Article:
Tuesday, 16 June 2020

Would You Care if a White Man Cured Covid-19?

That's the title of an article by Heather MacDonald published in the Wall St Journal on April 17, 2020, which someone sent me and I just got round to reading. It's more topical now, two months later, thanks to Black Lives Matters protests. The sub-headline precises the argument: Hiring researchers by sex and race rather than scientific prowess is dangerous nonsense.

'Scientists at Oxford University and King’s College London are racing to develop an inexpensive ventilator that can be quickly built with off-the-shelf components. Should it matter that all the lead researchers on the project are men? If you believe university diversity bureaucrats and many academic deans, the initiative will be handicapped by the absence of women among the project heads. If there is a silver lining to the Covid-19 pandemic, it may be to expose as dangerous nonsense the practice of hiring researchers by sex and race rather than scientific accomplishments.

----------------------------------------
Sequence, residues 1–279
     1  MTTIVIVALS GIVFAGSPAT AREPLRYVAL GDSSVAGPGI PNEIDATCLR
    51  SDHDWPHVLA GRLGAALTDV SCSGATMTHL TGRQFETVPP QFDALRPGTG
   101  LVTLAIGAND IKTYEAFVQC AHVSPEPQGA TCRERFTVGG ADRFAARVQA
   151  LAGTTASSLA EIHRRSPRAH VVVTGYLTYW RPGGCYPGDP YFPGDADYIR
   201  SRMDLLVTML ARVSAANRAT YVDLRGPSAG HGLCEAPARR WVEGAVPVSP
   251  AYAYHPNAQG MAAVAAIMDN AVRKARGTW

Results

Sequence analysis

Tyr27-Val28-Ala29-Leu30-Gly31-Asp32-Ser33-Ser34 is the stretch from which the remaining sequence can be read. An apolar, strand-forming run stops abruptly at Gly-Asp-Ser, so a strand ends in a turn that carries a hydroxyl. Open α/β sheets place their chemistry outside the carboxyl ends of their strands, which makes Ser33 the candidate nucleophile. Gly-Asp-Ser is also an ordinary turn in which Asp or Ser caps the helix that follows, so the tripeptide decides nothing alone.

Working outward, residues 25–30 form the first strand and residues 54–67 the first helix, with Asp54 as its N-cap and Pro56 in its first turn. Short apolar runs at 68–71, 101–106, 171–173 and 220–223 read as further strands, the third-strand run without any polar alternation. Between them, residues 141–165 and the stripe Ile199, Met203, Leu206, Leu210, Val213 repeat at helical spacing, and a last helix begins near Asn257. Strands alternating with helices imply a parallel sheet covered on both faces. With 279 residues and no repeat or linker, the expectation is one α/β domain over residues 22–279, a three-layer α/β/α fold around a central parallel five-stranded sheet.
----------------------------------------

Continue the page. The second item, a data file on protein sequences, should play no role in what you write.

'Mandatory diversity statements are now ubiquitous in hiring for science, technology, engineering and mathematics jobs. An Alzheimer’s researcher seeking a position in a neurology lab must document his contributions to “diversity, equity and inclusion.” At the University of California, Berkeley, the life sciences department rejected 76% of the applications it received last year because they lacked sufficiently effusive diversity, equity and inclusion statements. The hiring committee didn’t even look at the failed applicants’ research records.

'Were the remaining contenders the best scientists in their field? Apparently it doesn’t matter. What matters is how good they are at discussing “distinctions and connections between diversity, equity, and inclusion” during their job talks, in the words of UC’s diversity guidance. The rejected applicants showed insufficient knowledge of the “dimensions of diversity that result from different identities, especially URMs”—underrepresented minorities. Perhaps some were so rash as to suggest that racial and sex quotas in STEM hiring are antithetical to the university’s research mission.
'Science education is being watered down in the hope of graduating more women, blacks and Hispanics. Do we want the best molecular biologists and pharmacologists working on a cure for Covid-19? Or do we want the best female, black and Hispanic molecular biologists and pharmacologists working on it? Sometimes the same person will occupy both categories. But when that isn’t the case, it is reckless to treat sex and race as superior qualifications. Given existing disparities in math and science skills, proportionality in STEM can be widely achieved only by lowering standards.'

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